During U.N. meetings this week about the future of warfare, experts grappled with the possibility that AI and robots could take over the decisions to use lethal force.
Some autonomous weapons already exist in the field. Many U.S. naval ships, for example, carry cannons that will shoot down incoming missiles without any human input. On the border between North and South Korea, there are automatic turrets that were designed to autonomously fire on their targets before human minders decided they wanted to keep control after all.
But is any military actually proposing giving more robots fire control right now? For years, stakeholders have met in a U.N. committee to weigh the possibilities, and the debate still isn't settled.
Human Rights Watch attends the U.N. meetings to push for a hard ban on lethal robots. It's long held that countries should commit to a legal treaty that would keep future weapons systems from running themselves.
"We're talking about the loss of human, lack of human control, be it meaningful or adequate or appropriate over the selection and attacks of targets," said Mary Wareham, advocacy director for the Arms Division at Human Rights Watch.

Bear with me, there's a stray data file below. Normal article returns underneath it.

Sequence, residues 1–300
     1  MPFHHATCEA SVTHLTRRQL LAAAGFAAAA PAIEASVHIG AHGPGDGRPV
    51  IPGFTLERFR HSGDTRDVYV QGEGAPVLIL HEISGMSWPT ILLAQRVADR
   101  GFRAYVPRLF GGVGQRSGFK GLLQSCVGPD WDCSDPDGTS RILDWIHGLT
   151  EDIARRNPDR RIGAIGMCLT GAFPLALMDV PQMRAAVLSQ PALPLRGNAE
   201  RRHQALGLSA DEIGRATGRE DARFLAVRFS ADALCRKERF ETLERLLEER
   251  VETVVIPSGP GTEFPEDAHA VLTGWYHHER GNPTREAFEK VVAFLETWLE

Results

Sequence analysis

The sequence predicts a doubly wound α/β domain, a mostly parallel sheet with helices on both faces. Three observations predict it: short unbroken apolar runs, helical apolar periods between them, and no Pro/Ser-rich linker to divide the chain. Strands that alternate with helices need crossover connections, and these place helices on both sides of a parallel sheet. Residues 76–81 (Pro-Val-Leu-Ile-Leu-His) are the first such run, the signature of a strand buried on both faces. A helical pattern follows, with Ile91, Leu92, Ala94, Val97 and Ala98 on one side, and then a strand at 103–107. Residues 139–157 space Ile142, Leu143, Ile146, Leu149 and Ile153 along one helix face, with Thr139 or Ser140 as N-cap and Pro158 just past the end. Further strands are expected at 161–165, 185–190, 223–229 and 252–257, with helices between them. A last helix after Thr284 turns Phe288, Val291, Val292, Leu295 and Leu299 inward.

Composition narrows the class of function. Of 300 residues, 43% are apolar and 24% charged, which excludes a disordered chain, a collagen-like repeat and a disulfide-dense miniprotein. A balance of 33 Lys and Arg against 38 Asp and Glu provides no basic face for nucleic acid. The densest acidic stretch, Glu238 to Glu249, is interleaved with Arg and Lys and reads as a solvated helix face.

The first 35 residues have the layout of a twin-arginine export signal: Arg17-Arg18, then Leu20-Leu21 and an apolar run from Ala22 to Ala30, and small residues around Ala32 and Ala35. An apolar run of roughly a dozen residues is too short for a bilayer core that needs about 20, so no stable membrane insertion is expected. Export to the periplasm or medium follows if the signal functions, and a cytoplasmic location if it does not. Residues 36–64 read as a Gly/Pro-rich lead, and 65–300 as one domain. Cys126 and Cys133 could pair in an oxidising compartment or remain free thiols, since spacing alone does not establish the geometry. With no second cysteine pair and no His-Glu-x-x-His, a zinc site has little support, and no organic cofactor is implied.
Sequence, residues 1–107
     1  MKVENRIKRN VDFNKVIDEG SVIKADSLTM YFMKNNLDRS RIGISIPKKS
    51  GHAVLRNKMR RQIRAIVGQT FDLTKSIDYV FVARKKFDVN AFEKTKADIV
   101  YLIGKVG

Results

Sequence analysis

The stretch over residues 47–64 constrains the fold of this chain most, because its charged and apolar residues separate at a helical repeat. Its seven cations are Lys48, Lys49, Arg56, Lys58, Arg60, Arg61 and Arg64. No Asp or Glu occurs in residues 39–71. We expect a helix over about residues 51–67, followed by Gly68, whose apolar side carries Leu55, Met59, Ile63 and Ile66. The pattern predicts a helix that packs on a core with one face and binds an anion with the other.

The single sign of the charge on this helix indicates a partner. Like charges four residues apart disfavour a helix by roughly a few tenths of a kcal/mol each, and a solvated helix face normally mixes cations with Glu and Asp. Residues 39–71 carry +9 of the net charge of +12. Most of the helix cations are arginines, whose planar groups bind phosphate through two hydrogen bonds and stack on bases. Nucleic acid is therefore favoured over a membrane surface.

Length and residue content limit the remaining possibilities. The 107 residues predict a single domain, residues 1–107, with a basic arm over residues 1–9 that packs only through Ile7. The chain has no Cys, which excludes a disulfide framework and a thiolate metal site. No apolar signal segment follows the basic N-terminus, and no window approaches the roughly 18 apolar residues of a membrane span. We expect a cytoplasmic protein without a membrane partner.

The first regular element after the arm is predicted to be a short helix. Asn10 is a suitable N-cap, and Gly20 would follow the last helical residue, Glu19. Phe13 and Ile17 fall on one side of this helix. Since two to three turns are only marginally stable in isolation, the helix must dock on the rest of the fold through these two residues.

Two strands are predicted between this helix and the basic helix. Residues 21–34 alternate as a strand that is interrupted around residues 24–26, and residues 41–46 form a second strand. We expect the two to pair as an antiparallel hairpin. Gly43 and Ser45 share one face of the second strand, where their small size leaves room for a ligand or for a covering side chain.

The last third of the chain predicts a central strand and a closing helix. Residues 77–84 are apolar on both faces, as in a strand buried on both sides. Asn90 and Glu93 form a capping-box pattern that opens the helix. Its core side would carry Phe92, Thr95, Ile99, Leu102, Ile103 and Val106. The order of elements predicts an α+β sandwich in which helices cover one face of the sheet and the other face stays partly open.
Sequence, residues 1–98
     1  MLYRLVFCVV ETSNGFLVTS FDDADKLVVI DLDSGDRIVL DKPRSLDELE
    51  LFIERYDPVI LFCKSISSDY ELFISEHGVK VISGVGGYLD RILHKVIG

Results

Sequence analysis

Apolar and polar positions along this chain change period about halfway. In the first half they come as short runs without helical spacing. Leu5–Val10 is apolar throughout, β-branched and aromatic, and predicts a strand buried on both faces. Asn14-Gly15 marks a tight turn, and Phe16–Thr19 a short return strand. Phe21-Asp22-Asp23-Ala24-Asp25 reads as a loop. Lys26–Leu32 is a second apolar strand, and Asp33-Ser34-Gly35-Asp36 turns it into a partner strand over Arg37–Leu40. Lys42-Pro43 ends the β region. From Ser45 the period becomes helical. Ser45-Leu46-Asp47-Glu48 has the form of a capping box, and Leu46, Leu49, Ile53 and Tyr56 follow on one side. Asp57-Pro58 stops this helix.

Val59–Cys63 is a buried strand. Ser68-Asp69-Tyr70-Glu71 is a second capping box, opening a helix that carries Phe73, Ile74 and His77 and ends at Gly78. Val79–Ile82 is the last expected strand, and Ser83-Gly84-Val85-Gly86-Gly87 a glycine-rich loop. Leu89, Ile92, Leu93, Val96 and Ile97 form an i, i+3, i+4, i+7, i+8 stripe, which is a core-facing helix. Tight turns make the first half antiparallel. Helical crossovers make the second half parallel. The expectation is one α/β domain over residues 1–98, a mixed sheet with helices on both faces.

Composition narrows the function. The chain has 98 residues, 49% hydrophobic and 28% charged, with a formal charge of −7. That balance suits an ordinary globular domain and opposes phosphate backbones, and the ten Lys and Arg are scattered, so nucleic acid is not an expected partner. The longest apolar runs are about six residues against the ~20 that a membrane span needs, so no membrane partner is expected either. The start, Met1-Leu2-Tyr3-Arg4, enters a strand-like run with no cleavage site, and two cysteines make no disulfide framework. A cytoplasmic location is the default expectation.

But on the other side of the table, the U.S. has argued that more research into autonomous tools could reduce the risk of injury from warfare for the military and for civilians alike.
For what it's worth, Department of Defense policy currently allows the U.S. military to develop whatever autonomous systems it wants. It just can't deploy any of them unless "human judgment" is still involved.
In the meantime, no government will cut humans all the way out of the picture. But the picture is getting clearer and clearer: The usefulness of AI and autonomous tools in warfare could be too great to ignore. Robots can be tougher than humans, they don't lose focus, they process information faster, and they don't get emotional.
"We're not trying to stop autonomy," Wareham said. "We're not trying to stop artificial intelligence, robotics or their uses by militaries around the world. ... We understand that there are many benefits. We just draw the line at weaponizing artificial intelligence to the point that you do not control the weapon system."
The U.N. committee's continuing job is to define that line as clearly as it can. Because whatever role robots end up filling, their presence will eventually influence warfare, security and human rights everywhere.